The Flacks Report [24 Oct. '09]
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A.C.P. IV to Run for Rangel's Seat?
Adam Clayton Powell IV To Open Exploratory Committee For Rangel’s Seat
City Hall News . . .Thursday, October 15, 2009
By Andrew Hawkins
Harlem Assembly Member Adam Clayton Powell IV is planning to open an exploratory committee “in a week or two” to test the waters for a possible run against embattled Rep. Charlie Rangel, Powell told City Hall. “A lot of people have been talking to me for a few weeks,” Powell said. “It’s no secret that I’ve always been interested.”
Powell first ran against Rangel in 1994, hoping to reclaim the seat his father, Adam Clayton Powell Jr., had held for decades before losing to Rangel in 1970. The younger Powell, who launched his last bid while a member of the Council, raised money for a possible run against Rangel in 2004, but never pulled the trigger. The news that Powell is mulling a run against Rangel comes on the heels of bank manager Vince Morgan’s announcement of his own plans to run in next year’s primary for the Harlem seat.
Powell has had a checkered political career. The scion of one of New York’s most prominent political families, Powell was accused of rape by two women in 2004, but never formally charged. In 2008, after being pulled over for drunk driving on the West Side Highway, officers discovered a passed out woman in Powell’s backseat. His poor attendance record in the Assembly and meager legislative output has earned him derision from some of his colleagues, who accuse him of being an indifferent politician.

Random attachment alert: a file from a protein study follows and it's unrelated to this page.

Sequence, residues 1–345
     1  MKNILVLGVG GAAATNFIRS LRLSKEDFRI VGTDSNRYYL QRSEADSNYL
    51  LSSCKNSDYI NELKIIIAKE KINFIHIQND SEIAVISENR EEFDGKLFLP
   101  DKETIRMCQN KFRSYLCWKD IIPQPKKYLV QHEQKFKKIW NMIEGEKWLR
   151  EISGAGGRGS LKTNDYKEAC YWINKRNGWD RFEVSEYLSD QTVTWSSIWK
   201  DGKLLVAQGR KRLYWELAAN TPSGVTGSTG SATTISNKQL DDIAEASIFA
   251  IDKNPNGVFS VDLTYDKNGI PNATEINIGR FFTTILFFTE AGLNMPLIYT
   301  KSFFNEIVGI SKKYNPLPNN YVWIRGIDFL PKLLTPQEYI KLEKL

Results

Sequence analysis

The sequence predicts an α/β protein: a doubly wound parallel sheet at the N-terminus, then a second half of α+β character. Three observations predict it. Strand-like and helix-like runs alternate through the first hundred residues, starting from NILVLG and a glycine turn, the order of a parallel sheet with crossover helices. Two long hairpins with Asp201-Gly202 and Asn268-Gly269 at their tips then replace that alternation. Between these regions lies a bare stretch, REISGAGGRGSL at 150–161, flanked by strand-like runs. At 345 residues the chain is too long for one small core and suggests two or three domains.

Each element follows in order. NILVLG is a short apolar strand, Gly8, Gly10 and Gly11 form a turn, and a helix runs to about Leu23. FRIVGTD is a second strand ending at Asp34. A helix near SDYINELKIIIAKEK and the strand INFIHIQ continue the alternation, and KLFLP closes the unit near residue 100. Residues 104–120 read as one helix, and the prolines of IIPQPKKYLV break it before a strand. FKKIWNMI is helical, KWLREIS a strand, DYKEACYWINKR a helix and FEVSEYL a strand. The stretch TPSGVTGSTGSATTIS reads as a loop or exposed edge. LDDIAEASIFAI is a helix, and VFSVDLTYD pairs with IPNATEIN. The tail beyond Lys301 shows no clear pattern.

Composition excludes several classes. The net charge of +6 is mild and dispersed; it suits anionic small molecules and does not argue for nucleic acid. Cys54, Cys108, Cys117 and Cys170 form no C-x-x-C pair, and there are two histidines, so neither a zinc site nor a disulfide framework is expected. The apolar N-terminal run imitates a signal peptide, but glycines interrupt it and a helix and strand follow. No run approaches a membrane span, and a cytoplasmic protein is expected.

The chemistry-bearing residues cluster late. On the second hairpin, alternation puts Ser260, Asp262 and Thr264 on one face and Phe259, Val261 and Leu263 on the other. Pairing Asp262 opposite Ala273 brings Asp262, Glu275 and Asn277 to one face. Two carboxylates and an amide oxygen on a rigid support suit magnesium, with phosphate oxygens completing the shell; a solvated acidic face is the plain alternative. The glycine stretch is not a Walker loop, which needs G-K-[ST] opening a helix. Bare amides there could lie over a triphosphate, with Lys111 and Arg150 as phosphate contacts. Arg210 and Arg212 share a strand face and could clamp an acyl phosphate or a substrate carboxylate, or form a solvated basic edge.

But Powell is well-loved in his district and, in a neighborhood where one of the main boulevards is named for his father, enjoys stratospheric name recognition. “I believe I would make a formidable candidate,” Powell said. “I’m only in my 40s. Forty-seven-years-old. Because you need someone who can stay there—assuming the voters will continue to re-elect them—that can stay there for 20 years to gain seniority, like my father, who was a congressman, and like Charlie Rangel has been able to do.”
Powell said he is more motivated by Rangel’s advancing age (he turned 79 in June), rather than the recent controversy surrounding the congressman’s personal finances. The House voted last week to allow Rangel to keep his powerful Ways and Means Committee chairmanship, despite heavy pressure from Republicans that he relinquish the leadership post. A wide-ranging ethics investigation is still ongoing. Whether Rangel succumbs to mounting scrutiny, or decides that he is ready to retire, Powell said that competition for his seat will be intense.
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Stuy Town Victory
The N.Y.S. Court of Appeals ruled on 22 Oct. '09 in favor of the Peter Cooper Village/Stuyvesant Town tenants that their landlord cannot deregulate their rent-stabilized rents if the landlord is accepting tax benefits.